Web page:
I hope you find this little infographic that I put together useful. Facts listed below for easier reading! Enjoy!
Maple Syrup Facts:
- Sap flow is dependent on temperatures above 32°F during the day and fluctuations to below freezing at night.
- Typically a tree mature enough for tapping will be 12 inches in diameter at 4 feet from the ground.
- A typical tree that meets the above requirement will be at least 30 years old.
- As the tree increases in diameter, more taps can be added. It is generally accepted that 4 taps are the maximum amount to use on one tree.
- A standard Maple Sap Spile fits into a 7/16” hole.
- Some new spiles used in vacuum assisted systems are 5/16”
- Tapping does no permanent damage to a healthy tree and only 10 percent of the sap is collected each year.
- Each hole heals by the next year.
- There are many Maple Trees that have been tapped for over 150 years.
- Syrup is graded based off of clarity and color.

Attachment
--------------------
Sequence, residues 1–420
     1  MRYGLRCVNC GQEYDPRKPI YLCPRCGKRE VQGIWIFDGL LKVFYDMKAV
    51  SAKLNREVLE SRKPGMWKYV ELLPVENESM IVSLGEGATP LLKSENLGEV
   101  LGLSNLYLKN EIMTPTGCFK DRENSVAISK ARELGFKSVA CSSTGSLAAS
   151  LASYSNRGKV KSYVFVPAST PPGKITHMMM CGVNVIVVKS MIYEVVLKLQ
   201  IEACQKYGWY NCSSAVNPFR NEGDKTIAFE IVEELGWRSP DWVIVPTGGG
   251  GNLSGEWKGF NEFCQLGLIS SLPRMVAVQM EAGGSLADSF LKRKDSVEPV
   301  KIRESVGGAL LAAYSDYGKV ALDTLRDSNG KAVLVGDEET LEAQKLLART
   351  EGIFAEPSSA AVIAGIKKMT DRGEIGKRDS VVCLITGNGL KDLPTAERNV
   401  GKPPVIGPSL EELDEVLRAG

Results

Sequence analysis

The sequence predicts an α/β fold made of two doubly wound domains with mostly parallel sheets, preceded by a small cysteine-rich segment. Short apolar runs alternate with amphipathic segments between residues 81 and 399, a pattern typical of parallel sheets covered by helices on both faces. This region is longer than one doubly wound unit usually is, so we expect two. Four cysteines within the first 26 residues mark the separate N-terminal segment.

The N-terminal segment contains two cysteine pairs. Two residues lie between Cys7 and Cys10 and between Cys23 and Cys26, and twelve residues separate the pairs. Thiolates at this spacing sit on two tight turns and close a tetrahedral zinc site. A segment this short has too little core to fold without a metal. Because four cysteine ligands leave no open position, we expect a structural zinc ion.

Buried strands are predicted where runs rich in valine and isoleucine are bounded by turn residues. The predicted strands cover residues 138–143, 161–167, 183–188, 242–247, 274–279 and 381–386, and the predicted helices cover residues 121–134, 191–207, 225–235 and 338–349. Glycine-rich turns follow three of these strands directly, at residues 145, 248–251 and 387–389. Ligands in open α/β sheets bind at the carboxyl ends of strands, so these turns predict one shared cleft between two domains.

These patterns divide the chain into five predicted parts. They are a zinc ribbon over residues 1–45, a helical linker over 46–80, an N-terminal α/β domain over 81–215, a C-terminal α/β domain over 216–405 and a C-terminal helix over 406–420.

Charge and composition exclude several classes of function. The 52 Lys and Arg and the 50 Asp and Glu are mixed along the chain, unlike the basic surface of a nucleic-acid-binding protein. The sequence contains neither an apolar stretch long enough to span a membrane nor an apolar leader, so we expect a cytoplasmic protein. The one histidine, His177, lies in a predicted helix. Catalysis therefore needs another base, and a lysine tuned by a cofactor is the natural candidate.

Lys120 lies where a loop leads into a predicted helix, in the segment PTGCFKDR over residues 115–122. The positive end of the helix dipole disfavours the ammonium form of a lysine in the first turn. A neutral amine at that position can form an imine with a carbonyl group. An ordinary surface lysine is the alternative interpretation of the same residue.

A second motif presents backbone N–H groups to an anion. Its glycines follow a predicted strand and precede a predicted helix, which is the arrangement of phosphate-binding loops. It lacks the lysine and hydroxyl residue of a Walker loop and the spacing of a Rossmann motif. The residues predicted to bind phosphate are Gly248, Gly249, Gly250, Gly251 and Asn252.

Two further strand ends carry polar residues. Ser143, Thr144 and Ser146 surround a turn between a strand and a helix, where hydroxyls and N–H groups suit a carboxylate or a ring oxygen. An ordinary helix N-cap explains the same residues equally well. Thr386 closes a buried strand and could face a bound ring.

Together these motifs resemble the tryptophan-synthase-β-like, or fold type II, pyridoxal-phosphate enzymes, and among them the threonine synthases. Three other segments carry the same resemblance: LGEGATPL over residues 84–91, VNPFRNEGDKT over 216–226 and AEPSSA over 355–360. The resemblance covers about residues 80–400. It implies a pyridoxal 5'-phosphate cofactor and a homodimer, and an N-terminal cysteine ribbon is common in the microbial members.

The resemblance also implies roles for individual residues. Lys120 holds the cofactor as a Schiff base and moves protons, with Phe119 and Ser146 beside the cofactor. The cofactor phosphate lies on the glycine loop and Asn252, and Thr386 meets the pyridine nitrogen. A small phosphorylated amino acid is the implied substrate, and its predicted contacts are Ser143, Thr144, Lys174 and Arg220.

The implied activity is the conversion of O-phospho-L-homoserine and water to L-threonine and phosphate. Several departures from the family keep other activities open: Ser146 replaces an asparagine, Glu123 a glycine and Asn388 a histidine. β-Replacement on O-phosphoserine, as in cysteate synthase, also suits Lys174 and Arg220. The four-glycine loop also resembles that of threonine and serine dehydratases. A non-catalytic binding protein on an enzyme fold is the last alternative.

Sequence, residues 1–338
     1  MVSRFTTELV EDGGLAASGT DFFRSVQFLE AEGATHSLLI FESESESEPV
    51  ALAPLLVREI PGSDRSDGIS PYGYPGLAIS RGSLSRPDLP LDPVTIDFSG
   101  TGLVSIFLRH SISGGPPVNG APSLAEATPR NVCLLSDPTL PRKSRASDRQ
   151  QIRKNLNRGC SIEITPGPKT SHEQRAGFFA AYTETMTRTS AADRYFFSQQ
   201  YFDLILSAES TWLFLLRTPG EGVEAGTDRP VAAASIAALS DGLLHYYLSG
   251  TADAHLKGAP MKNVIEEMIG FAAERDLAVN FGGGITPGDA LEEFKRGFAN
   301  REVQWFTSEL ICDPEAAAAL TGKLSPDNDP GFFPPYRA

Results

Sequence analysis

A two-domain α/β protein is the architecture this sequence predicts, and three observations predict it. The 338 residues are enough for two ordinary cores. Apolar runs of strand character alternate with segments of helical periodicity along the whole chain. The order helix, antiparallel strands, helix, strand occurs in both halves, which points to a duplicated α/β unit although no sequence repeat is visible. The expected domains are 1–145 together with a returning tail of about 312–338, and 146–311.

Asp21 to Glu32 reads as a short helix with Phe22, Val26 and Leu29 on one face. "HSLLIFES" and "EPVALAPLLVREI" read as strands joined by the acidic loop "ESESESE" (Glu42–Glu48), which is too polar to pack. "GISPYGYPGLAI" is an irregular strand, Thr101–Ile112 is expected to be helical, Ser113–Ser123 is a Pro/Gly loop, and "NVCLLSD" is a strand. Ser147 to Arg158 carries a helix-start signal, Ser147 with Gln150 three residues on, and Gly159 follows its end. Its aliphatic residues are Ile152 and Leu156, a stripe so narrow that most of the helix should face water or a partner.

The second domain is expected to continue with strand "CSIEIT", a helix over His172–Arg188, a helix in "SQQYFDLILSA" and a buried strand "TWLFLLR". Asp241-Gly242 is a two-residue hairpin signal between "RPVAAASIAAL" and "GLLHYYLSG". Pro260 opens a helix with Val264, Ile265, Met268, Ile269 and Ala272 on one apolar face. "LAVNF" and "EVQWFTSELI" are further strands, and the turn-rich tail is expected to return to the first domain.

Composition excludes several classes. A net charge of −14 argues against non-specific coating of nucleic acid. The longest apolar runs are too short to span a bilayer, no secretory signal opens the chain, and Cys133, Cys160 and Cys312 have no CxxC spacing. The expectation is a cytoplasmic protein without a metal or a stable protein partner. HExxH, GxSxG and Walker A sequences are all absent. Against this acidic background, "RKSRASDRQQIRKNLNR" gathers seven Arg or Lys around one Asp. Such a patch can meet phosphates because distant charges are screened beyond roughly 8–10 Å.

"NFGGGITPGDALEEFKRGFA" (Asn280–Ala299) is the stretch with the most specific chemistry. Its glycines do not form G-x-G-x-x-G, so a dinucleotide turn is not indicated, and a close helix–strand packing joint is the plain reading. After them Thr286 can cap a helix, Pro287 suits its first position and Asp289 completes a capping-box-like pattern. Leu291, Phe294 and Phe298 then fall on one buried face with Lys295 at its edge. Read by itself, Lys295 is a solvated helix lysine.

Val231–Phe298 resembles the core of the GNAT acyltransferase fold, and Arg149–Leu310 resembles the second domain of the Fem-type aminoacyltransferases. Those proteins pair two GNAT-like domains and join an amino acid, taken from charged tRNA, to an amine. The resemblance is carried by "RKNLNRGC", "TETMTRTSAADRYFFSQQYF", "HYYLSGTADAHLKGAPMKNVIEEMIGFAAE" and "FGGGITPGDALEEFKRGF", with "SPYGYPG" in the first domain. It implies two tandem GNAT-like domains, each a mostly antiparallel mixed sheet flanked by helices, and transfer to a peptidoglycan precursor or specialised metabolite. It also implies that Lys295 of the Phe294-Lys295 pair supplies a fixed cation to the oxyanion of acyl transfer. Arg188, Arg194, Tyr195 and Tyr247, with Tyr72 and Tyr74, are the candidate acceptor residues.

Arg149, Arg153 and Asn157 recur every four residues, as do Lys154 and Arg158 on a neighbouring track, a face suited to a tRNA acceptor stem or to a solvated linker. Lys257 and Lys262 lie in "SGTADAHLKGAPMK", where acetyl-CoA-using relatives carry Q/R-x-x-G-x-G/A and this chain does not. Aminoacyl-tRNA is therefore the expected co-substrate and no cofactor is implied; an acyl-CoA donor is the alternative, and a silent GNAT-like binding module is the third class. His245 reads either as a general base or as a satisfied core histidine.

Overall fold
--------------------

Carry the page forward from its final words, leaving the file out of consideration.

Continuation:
- There are three Maple Trees that are considered commercially productive. The Sugar Maple, The Manitoba Maple (or Box Elder) and the Red Maple.
- The Sugar Maple (acer saccharum) has the highest sugar concentration on average.
- Groups of Sugar Maples are referred to as a “Sugar Bush.”
- The Silver Maple can be tapped for home use. It produces more niter or “sugar sand” that other maples.
- It take 30 – 50 gallons of sap on average to make one gallon of syrup, depending on sugar concentrations of the sap.
- The sugar content of sap averages 2.0 % sugar. Typical Maple Syrup is considered done when it reaches at least 66% or more sugar.
- Each tap will yield, on average, 10 gallons of sap or one quart of syrup. Use this to plan evaporating volume needed.
- Sugar season can last 8 – 10 weeks, but sap flow is heaviest for about 14 – 21 days in the early spring.
I hope these are helpful and they inspire you to go tap a few trees, even if you’re in the city and have just a couple of maples. Visit Maryland birth injury lawyers when you want legal advice from professional lawyers.